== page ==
Big blow outs start in small ways. Kweku Adoboli made a $400k loss on a trade in October 2008, which he opted to hide rather than to tell his manager about. Nick Leeson started out hiding his small losses in his error account and ended up taking down Barings. Bruno Iksil (who unlike the others, hasn't been charged for wrongdoing) made $400m for JPMorgan in 2011 and only started coming unstuck in 2012, when his losses quietly started to inflate.
In future, blowouts could be even bigger. Traders are quietly warning that they're afraid to report mistakes for fear that the entire apparatus of authority will come crashing down on top of them when they do.
"It's become so litigious that when something does go wrong, no one wants to say anything about it," says one trader in London. "In the past, you might have gone to your boss and said you've made a mistake, but now there's a tendency to stick things in drawers and to try sorting them out yourself. Small errors have got the potential to become massive ones. And it doesn't help that they've brought in all these inexperienced young guys to risk manage the books."
In the wake of the LIBOR manipulation scandal and in the midst of the FX manipulation investigation, management is ready to jump down the throats of anyone who appears culpable of wrongdoing or miscalculation, say insiders. "The problem is that the regulatory direction of travel has caused management to become very risk adverse themselves," says Harvey Knight, a regulatory lawyer at Withers Worldwide. "This means that as soon as they are made aware there's a problem there is tendency to protect their own backs by escalating it and escalating it.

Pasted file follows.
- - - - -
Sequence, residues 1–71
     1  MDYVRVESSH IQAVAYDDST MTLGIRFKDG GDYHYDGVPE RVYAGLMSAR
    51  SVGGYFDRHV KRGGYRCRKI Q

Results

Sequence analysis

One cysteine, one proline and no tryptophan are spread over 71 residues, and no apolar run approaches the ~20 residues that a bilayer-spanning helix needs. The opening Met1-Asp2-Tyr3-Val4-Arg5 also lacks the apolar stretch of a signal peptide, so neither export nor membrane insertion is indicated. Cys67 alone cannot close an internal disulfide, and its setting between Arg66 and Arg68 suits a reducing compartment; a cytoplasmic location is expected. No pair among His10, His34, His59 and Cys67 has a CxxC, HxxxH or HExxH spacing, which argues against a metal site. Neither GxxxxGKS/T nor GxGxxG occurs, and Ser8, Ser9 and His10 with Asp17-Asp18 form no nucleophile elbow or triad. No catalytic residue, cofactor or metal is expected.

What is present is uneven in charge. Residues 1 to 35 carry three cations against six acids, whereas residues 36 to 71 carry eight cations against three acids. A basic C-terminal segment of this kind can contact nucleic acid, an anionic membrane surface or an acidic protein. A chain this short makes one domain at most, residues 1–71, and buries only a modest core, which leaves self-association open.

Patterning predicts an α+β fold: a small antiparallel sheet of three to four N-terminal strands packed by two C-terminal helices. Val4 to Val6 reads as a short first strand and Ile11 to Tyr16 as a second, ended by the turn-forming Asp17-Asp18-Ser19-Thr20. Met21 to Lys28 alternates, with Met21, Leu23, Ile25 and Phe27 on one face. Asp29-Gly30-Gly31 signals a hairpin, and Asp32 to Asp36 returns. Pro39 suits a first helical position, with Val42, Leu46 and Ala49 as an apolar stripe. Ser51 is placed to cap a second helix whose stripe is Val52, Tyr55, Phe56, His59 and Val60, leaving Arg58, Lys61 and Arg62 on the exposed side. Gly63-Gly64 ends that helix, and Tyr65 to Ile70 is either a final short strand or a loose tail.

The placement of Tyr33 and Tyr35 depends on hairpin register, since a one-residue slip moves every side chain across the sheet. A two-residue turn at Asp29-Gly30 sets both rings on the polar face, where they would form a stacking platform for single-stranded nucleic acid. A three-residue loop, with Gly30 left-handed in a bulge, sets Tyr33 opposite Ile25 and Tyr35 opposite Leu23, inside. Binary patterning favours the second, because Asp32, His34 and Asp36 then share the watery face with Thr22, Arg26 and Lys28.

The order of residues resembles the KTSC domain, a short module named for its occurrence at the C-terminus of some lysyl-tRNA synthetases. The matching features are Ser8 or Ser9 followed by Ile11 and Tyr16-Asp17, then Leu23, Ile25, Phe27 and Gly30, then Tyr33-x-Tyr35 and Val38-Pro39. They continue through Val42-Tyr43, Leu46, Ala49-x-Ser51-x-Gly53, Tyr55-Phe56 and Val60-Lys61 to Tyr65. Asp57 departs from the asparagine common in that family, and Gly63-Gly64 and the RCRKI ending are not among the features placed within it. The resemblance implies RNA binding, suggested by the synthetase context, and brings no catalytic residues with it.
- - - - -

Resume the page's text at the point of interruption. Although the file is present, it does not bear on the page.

"It's the law of unintended consequences. There's such a big song and dance once an error becomes made known, that people are less willing to draw attention to their mistakes," Knight concludes.
One senior compliance professional says mistakes have simultaneously become more likely. Banks are trying hard to reach profit targets in order to increase the return on the capital they still allocate to trading. "Unless they find new innovative and potentially dangerous ways of making money, then they'll never be able to increase their return on equity," he says.
Overcoming the fear of admitting mistakes is a crucial component of cultural change. Without it, traders say compliance professionals' lives are much harder than they need to be - more resource needs to be devoted to investigation rather than mere monitoring. Unfortunately, however, with traders everywhere in danger of losing their jobs, paranoia is likely to persist. "It's a bloodbath in the City right now," says Charles Ferguson, a lawyer known for representing traders who feel they've been wrongly fired.
"There's a culture of fear," Ferguson adds. "In the old days, you were afraid to say anything about your mistakes for fear that your boss wold nick your bonus. Now, you're afraid to say anything because you fear you'll lose your job. If something wrong has happened it tends to be underpants-on-fire all around until they can find the most junior person to blame it on and get rid of."
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